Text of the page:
Make Policing a Profession

The key difference between a trade and a profession is simple. Trades are regulated externally. A profession is self-regulating. Trades have unions. Professions have bar associations and medical boards.
The nature of unions is that they protect the weakest member of the labor group. That’s a powerful concept when a junior auto worker is protected from being fired unfairly, but it’s a corrosive one when it’s protecting a bad teacher from being fired for misconduct. In both cases, collective bargaining is used to guarantee better conditions of employment and protections from firing or discipline being imposed by the bosses against the workers.

The nature of a professional body like a bar association or medical board is to maintain the high standards of the profession and ensure members of the profession behave ethically and properly. When a bad lawyer is brought before the bar association for an ethical complaint like lying to a court or stealing from a client, it is other lawyers who determine whether there is enough misconduct to disbar the bad lawyer, removing him/her from the profession.

A bad tree does not yield good apples.

When a group is regulating itself, the incentives are there for the good apples to get rid of the bad apples before they spoil the bunch. When a union is defending workers against the bosses, the incentive is there to protect all apples from being disciplined or fired, regardless of whether they are good or bad.

In the law, members of the bar pay dues into a fund for clients who are harmed by bad attorneys. This is in addition to the mandatory malpractice insurance, where each lawyer has to provide insurance against any future misconduct they may have in their career. Bad lawyers cost the entire profession, and if a lawyer is bad enough, they become uninsurable and are unable to practice law.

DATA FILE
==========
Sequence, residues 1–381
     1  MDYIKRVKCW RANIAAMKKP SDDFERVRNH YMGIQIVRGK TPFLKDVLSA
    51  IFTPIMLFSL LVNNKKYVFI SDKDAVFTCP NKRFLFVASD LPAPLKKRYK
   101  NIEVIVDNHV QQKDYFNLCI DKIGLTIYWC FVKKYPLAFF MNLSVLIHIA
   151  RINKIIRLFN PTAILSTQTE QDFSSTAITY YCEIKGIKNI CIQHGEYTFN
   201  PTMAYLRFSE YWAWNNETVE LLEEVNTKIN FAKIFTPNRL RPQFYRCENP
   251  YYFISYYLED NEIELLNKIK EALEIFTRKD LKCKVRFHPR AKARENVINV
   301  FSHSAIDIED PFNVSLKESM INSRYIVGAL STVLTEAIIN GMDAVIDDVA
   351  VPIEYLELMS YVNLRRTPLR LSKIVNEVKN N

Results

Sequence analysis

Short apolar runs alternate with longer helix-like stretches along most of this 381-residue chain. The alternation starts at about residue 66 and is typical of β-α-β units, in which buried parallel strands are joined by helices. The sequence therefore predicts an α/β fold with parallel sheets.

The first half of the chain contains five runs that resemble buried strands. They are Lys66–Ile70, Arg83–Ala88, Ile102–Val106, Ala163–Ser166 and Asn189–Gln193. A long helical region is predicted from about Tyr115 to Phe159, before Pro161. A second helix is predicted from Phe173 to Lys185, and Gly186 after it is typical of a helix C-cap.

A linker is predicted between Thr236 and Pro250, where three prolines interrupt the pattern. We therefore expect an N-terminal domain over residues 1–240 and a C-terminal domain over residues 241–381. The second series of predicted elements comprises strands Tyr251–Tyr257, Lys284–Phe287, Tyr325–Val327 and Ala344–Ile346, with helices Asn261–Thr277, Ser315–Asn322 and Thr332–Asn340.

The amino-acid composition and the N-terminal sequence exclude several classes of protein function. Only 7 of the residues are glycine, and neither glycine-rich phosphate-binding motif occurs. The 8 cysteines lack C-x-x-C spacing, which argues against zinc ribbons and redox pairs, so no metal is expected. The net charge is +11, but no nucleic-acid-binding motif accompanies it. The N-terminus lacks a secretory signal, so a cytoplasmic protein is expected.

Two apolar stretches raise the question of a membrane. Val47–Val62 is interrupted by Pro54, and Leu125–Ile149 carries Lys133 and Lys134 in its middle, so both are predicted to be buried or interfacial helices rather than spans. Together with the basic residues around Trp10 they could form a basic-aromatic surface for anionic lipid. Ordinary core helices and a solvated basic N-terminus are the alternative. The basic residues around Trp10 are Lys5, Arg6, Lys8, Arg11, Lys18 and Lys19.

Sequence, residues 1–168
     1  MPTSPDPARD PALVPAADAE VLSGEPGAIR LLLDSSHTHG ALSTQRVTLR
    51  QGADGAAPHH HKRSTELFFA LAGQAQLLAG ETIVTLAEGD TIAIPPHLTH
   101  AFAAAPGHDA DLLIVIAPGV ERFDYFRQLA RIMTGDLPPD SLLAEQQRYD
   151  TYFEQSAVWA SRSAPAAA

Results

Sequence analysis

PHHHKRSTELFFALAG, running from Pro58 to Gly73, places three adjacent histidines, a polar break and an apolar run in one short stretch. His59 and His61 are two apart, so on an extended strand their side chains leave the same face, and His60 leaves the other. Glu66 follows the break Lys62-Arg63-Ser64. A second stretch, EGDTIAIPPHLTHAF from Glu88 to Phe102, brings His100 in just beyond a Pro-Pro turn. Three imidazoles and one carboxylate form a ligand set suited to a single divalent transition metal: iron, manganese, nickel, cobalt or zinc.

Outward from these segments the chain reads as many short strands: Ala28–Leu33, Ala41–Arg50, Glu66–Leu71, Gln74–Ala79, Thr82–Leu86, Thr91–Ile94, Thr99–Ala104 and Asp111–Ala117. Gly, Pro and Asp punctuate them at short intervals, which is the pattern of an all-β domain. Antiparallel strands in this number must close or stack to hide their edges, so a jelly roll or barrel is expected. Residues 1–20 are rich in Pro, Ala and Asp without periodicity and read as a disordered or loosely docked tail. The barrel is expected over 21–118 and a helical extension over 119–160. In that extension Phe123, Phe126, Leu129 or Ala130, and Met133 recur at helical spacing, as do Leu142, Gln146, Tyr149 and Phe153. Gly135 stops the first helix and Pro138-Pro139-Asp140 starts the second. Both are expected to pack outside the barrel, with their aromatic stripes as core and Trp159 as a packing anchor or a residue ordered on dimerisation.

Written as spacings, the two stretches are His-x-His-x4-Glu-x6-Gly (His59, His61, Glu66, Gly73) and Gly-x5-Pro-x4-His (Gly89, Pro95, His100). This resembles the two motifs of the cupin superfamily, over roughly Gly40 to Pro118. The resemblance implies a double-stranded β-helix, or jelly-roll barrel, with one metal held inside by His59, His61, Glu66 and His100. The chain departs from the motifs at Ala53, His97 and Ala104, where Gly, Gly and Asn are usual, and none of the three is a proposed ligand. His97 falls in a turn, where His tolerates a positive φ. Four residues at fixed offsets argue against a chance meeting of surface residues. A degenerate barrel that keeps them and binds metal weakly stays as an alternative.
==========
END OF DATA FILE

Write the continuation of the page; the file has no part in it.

In policing, police unions negotiate protections against disciplining and firing bad officers, qualified immunity prevents them from being sued in their individual capacity, and the members of the community pay the civil rights damages awards for police brutality.

If we want to address the structural problems with policing in America, police don’t need more regulation from outside, they need to regulate themselves. Policing should be a profession, with standards set by a professional body, and liability for professional misconduct coming out of a fund that members of the profession pay into. Each officer should carry their own malpractice insurance, with premiums set based on training and disciplinary history, as well as based on departmental disciplinary history

Nicholas Sarwark

Nicholas Sarwark is Executive Director of the Libertarian Policy Institute. He served as Chair of the Libertarian National Committee from 2014 to 2020, a period of unprecedented growth. Over the last two decades, he has worked as a systems developer for a major non-profit, tried over 30 cases to a jury as a deputy public defender in Colorado, and managed the oldest independent car dealership and loan company in Phoenix. He founded Wedge Squared Strategies in 2019, a strategy, communications, and campaign consulting firm that helps individuals and organizations maximize their impact on the world. Licensed to practice law in Colorado and New Hampshire, he lives in Manchester, New Hampshire with his wife Valerie and their four children where they volunteer to build a better local community.

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